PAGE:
The UK is set to sign a trade agreement with Turkey Dec. 29 aimed at ensuring the tariff-free flow of goods and protecting vital UK-Turkey supply chains in the automotive, manufacturing and steel industries, sources close to the UK Department for International Trade told S&P Global Platts Dec. 28.
The agreement will be “significant” for both countries and will secure preferential tariffs for the 7,600 UK businesses that exported goods to Turkey in 2019, the UK government sources said.
“The deal we expect to sign this week locks in tariff-free trading arrangements and will help support our trading relationship, worth £18.6 billion last year,” Liz Truss, the UK’s International Trade Secretary, said in a statement. ”It will provide certainty for thousands of jobs across the UK in the manufacturing, automotive and steel industries. We now look forward to working with Turkey towards an ambitious tailor-made UK-Turkey trade agreement in the near future, as we aim to open new global markets.”
Turkish steel sources told Platts they hoped the accord would correct Turkey’s steel trade deficit with the UK. International steel trade sources Dec. 28 questioned what stance the UK would now take to the European Union’s provisional antidumping duties to be imposed next month on imports into the EU of hot-rolled coils from Turkey, given that the UK on Sept. 30 introduced its own steel-import safeguards system, based on the methodology of the EU system, ahead of the end of its transition period to exit the EU on Dec. 31.
DIT said the new UK-Turkey deal is the fifth biggest deal it has negotiated – after deals with Japan, Canada, Switzerland and Norway.
The signing of the accord is subject to European Union approval on Turkey’s side, which is expected to be a formality, the UK sources added. This will be the first new trade accord to be signed by the UK since it reached a trade agreement with the EU on Dec. 24, days before the end of its Brexit transition period.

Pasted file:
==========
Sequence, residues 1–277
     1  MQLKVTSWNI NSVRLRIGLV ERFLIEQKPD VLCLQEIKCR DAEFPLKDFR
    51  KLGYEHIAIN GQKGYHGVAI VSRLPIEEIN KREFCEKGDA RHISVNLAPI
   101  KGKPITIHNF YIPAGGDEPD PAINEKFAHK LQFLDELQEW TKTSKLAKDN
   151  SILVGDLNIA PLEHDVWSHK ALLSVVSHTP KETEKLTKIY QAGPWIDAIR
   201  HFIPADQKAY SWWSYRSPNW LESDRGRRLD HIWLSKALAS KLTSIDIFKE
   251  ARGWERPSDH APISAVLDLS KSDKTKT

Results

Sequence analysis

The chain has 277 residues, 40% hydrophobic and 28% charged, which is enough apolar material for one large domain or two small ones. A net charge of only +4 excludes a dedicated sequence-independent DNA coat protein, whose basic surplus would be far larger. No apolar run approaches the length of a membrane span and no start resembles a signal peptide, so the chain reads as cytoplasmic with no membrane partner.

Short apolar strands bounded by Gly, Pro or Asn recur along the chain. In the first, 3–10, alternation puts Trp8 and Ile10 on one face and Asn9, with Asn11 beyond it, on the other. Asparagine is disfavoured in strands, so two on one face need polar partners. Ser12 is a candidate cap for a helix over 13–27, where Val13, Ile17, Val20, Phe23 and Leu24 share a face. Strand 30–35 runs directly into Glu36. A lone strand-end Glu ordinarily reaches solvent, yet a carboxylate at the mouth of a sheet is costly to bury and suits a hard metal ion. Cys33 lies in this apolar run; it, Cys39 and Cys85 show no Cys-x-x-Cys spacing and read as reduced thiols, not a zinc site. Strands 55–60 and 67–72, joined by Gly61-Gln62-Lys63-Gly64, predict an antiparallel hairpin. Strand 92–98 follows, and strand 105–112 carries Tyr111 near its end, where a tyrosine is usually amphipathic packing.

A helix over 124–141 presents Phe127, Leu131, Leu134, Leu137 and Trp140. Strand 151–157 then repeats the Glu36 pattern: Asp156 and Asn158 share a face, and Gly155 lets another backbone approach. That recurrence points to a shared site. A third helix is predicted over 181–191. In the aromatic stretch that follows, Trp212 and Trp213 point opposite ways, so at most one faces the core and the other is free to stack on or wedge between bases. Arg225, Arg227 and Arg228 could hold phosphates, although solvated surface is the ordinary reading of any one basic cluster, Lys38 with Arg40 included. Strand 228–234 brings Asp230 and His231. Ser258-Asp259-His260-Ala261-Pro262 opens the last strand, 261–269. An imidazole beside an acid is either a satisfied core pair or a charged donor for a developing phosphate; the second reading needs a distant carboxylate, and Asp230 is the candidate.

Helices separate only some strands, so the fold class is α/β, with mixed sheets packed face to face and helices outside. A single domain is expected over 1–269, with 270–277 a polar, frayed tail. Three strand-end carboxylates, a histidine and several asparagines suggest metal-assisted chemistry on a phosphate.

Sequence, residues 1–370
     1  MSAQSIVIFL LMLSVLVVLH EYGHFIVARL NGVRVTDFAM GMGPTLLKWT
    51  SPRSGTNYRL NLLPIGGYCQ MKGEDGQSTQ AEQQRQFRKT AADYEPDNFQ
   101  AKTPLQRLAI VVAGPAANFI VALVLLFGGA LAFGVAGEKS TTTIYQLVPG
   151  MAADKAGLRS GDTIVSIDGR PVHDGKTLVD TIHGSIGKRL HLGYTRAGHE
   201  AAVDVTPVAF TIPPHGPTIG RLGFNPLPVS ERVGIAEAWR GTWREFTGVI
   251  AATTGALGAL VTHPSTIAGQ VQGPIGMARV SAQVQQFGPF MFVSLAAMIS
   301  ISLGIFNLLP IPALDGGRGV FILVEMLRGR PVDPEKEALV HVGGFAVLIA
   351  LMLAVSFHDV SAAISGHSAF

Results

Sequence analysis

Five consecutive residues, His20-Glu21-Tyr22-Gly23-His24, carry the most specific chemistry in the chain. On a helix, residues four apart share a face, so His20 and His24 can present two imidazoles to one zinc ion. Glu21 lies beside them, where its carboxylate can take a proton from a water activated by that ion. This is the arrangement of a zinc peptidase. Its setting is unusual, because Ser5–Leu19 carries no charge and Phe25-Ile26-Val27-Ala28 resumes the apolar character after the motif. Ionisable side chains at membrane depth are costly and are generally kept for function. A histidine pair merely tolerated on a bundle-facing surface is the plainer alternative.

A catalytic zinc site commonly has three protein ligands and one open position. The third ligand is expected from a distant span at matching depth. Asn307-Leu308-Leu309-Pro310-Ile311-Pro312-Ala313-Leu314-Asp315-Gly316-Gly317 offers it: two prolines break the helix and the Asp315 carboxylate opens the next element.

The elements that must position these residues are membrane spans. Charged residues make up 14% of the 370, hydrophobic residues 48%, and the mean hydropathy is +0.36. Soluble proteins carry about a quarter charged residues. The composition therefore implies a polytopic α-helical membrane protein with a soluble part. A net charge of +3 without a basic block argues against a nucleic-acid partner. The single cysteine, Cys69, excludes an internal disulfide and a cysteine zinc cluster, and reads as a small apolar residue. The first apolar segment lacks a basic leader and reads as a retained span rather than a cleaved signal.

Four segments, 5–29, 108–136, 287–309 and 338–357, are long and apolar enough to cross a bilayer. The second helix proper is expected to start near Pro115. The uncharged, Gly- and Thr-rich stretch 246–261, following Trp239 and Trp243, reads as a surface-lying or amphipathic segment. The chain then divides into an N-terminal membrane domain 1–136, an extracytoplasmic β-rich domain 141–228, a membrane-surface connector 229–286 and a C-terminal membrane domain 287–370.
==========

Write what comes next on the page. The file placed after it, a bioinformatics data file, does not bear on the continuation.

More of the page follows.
Preparations for the signing of a free trade agreement between the UK and Turkey were at a final stage, the Turkish Foreign Ministry said Dec. 25.
Turkey seeks to correct steel trade deficit
Veysel Yayan, general secretary of the Turkish Steel Producers’ Association, said Dec. 28 the association “hopes that the trade deal will remove the imbalances in steel trade between the two countries, as Turkey faced trade deficit in steel trade with the UK in the six of the last 10 years.”
The UK is Turkey’s second largest trading partner following Germany in general terms. This week’s trade deal is expected to improve trade relations between the countries by removing the uncertainties after Brexit, Turkish steel industry sources said.
Turkish mills imported 122,100 mt of hot-rolled coil from the UK in the first 10 months of 2020, up 12% on year, while Turkish mills’ HRC exports to the UK fell by as much as 87% on year to just 7,000 mt, Turkish Statistical Institute data showed.
Turkish mills’ coated coil exports to the UK also fell significantly in the same period: by 78% on year to 22,300 mt, while mills’ pipe exports to the UK fell sharply by 40% on year in that period to 97,300 mt.
Turkish mills’ rebar exports to the UK totaled 13,300 mt in January-October 2020, sharply down from the 83,400 mt exported in the same period of the previous year, the data showed.
The UK is one of Turkey’s largest scrap suppliers. Turkish mills imported 1.85 million mt of UK scrap to Turkey in the first 10 months of 2020, up 4% on year.
— Diana Kinch and Cenk Can